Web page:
An explanation of the origins of the GPGS at Sophia University should address such issues as the existence of a cosmopolitan faculty in relatively homogenous Japan, Englishization in a non-Anglophone society, and the creation of a Japan Studies area program in a country where Japan is not considered an “area” but rather the “nation.” Addressing these issues moves beyond the end of the Cold War to highlight other processes of globalization—semicolonialism, war and defeat, capitalist economic growth, and economic decline. Each of these four processes can be conceptualized as a distinct layer that brought ideas, personnel, and legitimacy to Japan, to create new dispositions of power, decisions, and agendas. The accumulation of these layers has enabled, in path-dependent fashion, the establishment of the GPGS.
The first layer saw the establishment of a cosmopolitan scholarly community dedicated to the study of other cultures within an east-west framework. This began in 1913, when Jesuit missionaries from Germany, Italy, and France founded Sophia as a school to teach philosophy, German literature, and commerce. It soon gained a reputation in Japan for the study of foreign cultures and languages, as well as an international reputation for knowledge of Japan with the 1938 launching of Monumenta Nipponica, the first English-language scholarly journal on Japan. Additionally, the Jesuit strategy of cultivating ties with elites gave Sophia its choice location in central Tokyo.
During the second layer, an English-taught Japanese Studies program was established in 1949. This occurred when United States military occupation authorities asked Sophia to offer courses on Japan to US military and diplomatic personnel. The selection of Sophia reflected its cosmopolitanism, Jesuit antipathy to communism, and convenient location. The courses constituted the International Division, which was later renamed the Department of Japanese Studies.
area-based global studies are characterized by ongoing negotiations between the concepts of area and global and the traditional disciplines.
The third layer saw the state accreditation in 1982 of the Department of Japanese Studies, making it the first English-taught program in Japan authorized to confer a bachelor’s degree. This decision was driven by state concern to facilitate the global circulation of Japanese corporate expatriates as Japan entered into high economic growth from the 1970s. Accreditation enabled Sophia to accommodate “returnees”—offspring of expatriates educated outside Japan in English-speaking international schools. Renamed the Faculty of Comparative Culture, its forty instructors offered a liberal arts undergraduate program and international-area studies master’s degree to 1,200 students of many nationalities.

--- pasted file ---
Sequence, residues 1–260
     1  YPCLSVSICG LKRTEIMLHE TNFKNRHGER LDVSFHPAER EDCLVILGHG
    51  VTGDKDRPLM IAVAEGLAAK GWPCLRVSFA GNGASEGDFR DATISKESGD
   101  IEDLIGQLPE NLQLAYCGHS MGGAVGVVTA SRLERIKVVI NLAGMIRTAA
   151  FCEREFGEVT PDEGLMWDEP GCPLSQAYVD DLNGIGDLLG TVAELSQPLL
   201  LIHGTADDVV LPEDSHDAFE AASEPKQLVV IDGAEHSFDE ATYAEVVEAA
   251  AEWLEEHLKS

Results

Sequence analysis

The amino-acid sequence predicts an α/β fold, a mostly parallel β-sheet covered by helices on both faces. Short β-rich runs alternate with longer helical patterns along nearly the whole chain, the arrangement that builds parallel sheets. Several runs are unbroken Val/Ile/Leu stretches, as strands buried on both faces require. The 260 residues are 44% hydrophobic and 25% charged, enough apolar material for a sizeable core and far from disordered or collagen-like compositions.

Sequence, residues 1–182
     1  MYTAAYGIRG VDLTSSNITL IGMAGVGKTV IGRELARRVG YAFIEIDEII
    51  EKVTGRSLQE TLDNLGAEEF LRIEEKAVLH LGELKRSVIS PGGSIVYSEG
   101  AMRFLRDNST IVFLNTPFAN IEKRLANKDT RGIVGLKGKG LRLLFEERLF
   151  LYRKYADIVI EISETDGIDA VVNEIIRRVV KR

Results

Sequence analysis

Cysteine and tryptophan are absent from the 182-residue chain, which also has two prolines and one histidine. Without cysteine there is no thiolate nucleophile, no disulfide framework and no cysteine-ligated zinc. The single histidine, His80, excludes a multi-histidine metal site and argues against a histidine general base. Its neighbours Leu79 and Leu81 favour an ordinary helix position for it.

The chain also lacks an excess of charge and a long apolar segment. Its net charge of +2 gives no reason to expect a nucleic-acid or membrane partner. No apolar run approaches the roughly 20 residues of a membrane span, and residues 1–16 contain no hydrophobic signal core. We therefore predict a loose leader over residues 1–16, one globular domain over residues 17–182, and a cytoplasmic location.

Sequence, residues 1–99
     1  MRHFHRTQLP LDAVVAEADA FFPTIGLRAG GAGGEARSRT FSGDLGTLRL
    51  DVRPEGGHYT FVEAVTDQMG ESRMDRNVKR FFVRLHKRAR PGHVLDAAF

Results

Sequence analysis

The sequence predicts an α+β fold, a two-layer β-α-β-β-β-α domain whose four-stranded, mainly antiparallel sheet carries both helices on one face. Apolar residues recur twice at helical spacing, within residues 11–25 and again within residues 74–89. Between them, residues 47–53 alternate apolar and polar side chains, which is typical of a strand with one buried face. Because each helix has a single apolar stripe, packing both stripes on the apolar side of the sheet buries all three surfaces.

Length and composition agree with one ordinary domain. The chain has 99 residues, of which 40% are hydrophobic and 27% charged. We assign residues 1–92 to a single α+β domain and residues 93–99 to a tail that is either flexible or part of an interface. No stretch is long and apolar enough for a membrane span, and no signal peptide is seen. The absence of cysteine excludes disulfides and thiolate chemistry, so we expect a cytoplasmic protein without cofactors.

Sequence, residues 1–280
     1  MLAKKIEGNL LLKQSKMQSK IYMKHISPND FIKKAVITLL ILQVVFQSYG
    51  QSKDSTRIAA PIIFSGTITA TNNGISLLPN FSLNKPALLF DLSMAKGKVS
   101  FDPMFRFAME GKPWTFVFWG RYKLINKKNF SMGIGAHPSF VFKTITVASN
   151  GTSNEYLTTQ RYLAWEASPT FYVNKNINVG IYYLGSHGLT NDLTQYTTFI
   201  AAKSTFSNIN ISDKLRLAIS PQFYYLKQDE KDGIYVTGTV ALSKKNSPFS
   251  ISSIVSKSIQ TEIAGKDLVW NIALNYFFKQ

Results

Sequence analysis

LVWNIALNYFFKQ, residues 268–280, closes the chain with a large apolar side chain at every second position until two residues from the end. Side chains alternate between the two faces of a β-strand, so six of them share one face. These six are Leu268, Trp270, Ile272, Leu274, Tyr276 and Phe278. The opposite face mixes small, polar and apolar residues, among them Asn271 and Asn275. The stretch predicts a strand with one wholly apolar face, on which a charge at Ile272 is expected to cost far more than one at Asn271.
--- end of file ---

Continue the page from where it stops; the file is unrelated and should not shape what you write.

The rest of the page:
The proximate origins of the GPGS lie in a fourth layer that arose from the bursting of Japan’s “bubble economy” in the 1990s. Concerned with economic decline, the state sought to “globalize” universities. This included creating accredited English-taught programs to turn Japanese students into “global talents” for working in multicultural workplaces and inducing foreign students to migrate to Japan to offset declining birthrates, as well as competitive grant funding to push Japanese universities up the global rankings. In this context, like-minded area studies scholars from Sophia sought to establish a GS graduate program in order to move beyond an east-west framework and thus better reflect intellectual and practical concerns of globalization. To overcome resistance from other international and areas studies scholars and programs, they obtained a five-year grant for a project “Towards an Area-based Global Studies.” This persuaded a vacillating university administration to support the establishment of the GPGS. In this way, the GPGS is product of the very processes of globalization that its scholars and students study and research.
The Challenge of Transdisciplinarity
The success of the GPGS in its twelve years is evidence that the idea of “area-based global studies” creatively generates knowledge about the world. While the teaching and research of the GPGS focuses on Japan and Asia, reflecting its Japan/Asian Studies lineage, the view of Japan as an historically particular “area” has been superseded by the spatial and transnational “local.” This encourages team-based networks whose members use their familiarity with Japan and other Asian culture to investigate multi-local and transnational phenomena. The knowledge that they produce is as much about globalization as it is about Japan and Asia.
An ongoing challenge facing the GPGS is deepening transdisciplinarity among its scholars. Transcending the deeply inscribed boundaries between disciplines, as well as between the humanities, social sciences, and business studies, could deepen collaboration to produce new perspectives and knowledge about globalization while deepening the synergies of this production.
1. See: David Dudden, “Area Studies in the Age of Globalization,” FRONTIERS (Winter 2000, 1-22) (www.sas.upenn.edu/~dludden/GlobalizationAndAreaStudies.htm); John Lie, “Asian Studies/Global Studies: Transcending Area Studies and the Social Sciences,” Cross-Currents E-Journal (2) (2012) (https://cross-currents.berkeley.edu/e-journal/issue-2/asian-studiesglobal-studies-transcending-area-studies-and-social-sciences)
2. Examples are: amalgamating area studies programs at the University of Delaware into a Center for Global & Area Studies; renaming the German Overseas Institute in 2007 to German Institute of Global and Area Studies (GIGA); reorganizing Asian and African studies at Kyoto University into Global Area Studies.